"Mother Nature's face is not aging slowly or gracefully, the wrinkles and scars caused by accumulating greenhouse gases are already visible. The good news? Extreme weather is also chiseling fissures and gaping holes in the climate deniers' bunker, leaving a crumbling foundation for their arguments. Moving on, it's time to prepare for the unusual weather ahead that is likely to become usual."
So writes Dr. Jennifer Francis of Rutgers in her short essay for Earth Day 2013, "The Changing Face of Mother Nature."
Dr. Francis' piece is part of a special Earth Day 2013 microsite
wunderground has put together, featuring original short essays from seven of the planet's leading climate scientists and climate science communicators. Today is a day to appreciate our planet which sustains all life, a day to reflect on its beauty, and a day to draw attention to the challenges we face to maintain a livable environment for our steadily growing population. Below is a short synopsis of our seven contributors' work.Figure 1.
My favorite wunderphoto of 2012: high-level cirrus clouds containing ice crystals act as prisms, creating this beautiful "Sky Painting" captured by wunderphotographer Doesiedoats
over Williams, Oregon on August 7, 2012. As is my tradition on Earth Day, I provide links at the bottom of my Earth Day post to my favorite wunderphotos taken by the wunderground community over the past year. Keep on looking up and sharing your view of the sky!The Increased Risk of Drought under Global Warming
Drought is the greatest threat civilization faces from climate change, because drought affects the two things we need to live--food and water. Drought expert Dr. Aiguo Dai of SUNY Albany reviews the latest drought predictions from climate models and their "dire projection of increased risk of severe droughts," in his piece, "The Increased Risk of Drought under Global Warming"
.The Changing Face of Mother Nature
It seem as though the weather gods have gone berserk in recent years, as nearly every day the headlines report unusual droughts, floods, prolonged cold and snow, heat waves, or unusual weather events happening somewhere around the globe. Dr. Jennifer Francis of Rutgers explains how the unprecedented melting of sea ice and snow in the Arctic may be contributing to this onslaught in her contribution, "The Changing Face of Mother Nature."My Climate Change
"I used to be very skeptical about global warming, unconvinced that humans had anything to do with it or that it was affecting the weather," writes Stu Ostro, Senior Meteorologist for The Weather Channel. "But then that changed." Find out why he changed his mind in his piece, "My Climate Change."Closing the Consensus Gap on Climate Change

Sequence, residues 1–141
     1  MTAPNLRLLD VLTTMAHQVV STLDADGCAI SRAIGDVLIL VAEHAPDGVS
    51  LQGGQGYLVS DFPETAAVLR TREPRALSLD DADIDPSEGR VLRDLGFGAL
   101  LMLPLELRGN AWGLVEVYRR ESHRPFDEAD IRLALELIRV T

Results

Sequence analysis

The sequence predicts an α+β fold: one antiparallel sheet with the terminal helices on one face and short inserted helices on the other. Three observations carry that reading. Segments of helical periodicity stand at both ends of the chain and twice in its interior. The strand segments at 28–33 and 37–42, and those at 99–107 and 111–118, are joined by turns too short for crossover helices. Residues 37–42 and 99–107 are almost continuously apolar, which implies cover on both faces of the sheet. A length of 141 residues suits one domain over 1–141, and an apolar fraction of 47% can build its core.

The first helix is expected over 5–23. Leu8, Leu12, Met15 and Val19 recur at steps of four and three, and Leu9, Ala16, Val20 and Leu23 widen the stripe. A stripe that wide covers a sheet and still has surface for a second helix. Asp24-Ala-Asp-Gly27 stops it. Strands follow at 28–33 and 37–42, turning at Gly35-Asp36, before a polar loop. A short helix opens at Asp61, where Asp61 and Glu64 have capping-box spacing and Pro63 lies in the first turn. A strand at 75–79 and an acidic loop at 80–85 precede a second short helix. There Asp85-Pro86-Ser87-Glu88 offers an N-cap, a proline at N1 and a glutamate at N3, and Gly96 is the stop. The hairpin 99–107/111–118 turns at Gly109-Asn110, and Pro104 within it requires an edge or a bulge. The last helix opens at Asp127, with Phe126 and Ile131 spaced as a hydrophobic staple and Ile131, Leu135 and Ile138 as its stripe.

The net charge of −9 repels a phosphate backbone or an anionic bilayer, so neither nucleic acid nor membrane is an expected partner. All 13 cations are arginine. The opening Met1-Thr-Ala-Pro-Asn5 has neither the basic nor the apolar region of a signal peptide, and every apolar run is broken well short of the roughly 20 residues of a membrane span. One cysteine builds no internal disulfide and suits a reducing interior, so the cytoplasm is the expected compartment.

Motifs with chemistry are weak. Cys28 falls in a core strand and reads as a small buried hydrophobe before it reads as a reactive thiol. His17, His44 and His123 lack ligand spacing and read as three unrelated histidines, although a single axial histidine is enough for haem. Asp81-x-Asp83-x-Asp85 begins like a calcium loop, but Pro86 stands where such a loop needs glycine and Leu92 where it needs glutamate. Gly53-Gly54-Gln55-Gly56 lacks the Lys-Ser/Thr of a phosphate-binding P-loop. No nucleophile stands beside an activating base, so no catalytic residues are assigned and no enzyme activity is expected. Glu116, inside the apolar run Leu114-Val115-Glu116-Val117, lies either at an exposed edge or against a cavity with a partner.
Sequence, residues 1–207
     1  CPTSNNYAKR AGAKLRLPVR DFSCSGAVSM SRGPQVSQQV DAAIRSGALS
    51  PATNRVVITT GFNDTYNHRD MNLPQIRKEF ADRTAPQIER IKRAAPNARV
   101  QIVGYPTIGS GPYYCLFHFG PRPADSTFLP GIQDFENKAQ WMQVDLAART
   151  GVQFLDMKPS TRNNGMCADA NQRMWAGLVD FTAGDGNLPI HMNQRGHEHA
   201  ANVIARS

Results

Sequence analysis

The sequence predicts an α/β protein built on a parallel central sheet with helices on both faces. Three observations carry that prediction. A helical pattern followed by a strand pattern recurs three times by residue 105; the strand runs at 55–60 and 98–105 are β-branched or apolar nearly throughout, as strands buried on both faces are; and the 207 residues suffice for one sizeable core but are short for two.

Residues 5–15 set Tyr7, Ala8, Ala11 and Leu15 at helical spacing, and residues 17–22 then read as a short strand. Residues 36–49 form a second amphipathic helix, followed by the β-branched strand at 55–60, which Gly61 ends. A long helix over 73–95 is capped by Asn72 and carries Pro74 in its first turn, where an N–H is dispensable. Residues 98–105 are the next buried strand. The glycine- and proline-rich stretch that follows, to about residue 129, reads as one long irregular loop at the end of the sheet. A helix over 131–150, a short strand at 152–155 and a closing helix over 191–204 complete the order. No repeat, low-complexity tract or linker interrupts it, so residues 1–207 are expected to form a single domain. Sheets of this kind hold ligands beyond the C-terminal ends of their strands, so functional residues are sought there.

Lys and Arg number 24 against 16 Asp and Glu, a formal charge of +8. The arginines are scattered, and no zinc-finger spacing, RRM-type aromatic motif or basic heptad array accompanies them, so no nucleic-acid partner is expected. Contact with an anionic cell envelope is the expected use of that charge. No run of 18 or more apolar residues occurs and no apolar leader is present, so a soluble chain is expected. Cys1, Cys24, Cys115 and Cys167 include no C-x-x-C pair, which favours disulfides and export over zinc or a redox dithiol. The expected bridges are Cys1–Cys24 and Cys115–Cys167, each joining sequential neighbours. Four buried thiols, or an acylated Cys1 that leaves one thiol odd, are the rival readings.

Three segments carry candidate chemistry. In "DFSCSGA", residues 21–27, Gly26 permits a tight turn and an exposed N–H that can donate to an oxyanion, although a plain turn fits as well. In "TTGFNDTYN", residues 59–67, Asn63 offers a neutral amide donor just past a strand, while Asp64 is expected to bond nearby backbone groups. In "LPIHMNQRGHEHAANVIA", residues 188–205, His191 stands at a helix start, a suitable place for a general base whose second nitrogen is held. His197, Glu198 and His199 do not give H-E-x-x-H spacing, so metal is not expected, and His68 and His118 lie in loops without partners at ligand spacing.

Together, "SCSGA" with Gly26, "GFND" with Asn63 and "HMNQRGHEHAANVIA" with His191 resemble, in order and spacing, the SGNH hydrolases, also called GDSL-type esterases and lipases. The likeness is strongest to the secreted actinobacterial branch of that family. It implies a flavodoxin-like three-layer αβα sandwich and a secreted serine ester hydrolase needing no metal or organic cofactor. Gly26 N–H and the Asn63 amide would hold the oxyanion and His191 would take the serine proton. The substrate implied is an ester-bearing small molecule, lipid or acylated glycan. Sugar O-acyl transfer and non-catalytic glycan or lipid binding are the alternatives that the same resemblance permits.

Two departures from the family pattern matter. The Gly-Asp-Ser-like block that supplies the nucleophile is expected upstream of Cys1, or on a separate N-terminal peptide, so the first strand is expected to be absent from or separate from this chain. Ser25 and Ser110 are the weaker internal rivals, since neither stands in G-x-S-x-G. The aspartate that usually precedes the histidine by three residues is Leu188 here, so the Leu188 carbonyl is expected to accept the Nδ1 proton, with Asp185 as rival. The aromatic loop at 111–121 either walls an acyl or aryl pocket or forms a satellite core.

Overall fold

The general public think less than half of climate scientists agree that humans are causing global warming. The reality is 97%. Dr. John Cook, Climate Change Communication Fellow for the Global Change Institute at the University of Queensland, explains the challenges of climate science communication in his contribution, "Closing the Consensus Gap on Climate Change."The Arctic's Shrinking Sea Ice Cover
The emerging view is that the Arctic will lose essentially all of its summer sea ice cover by the end of this century, perhaps as early as 2030-2040. Dr. Mark Serreze, Director of the National Snow and Ice Data Center, discusses the implications in his post, "The Arctic's Shrinking Sea Ice Cover."How Do We Know Humans are Responsible for Global Warming?
We know Earth is warming, but how do we know that human activities are primarily responsible? Dr. Michael Mann of Penn State explains the evidence in his contribution, "How Do We Know Humans are Responsible for Global Warming?"Is This Global Warming?
Lately, whenever there is a severe weather or climate event that causes a lot of damage - like a severe heatwave, drought, hurricane or tornado - scientists are asked some version of the question, "Is this global warming?" Dr. Noah Diffenbaugh of Stanford University explains what climate science can and cannot say about the answer to this question in his piece, "Is This Global Warming?"Other Earth Day contributions
Wunderground Community member Skyepony has contributed a piece called "Earth Day 2013: Waiting to Get Fracked."
A new documentary called Thin Ice
follows scientists at work in the Arctic, Antarctic, Southern Ocean, New Zealand, Europe and the USA. They talk about their work, and their hopes and fears, with a rare candor and directness. This creates an intimate portrait of the global community of researchers racing to understand our planet's changing climate. Over 100 college campuses and art theaters are hosting screenings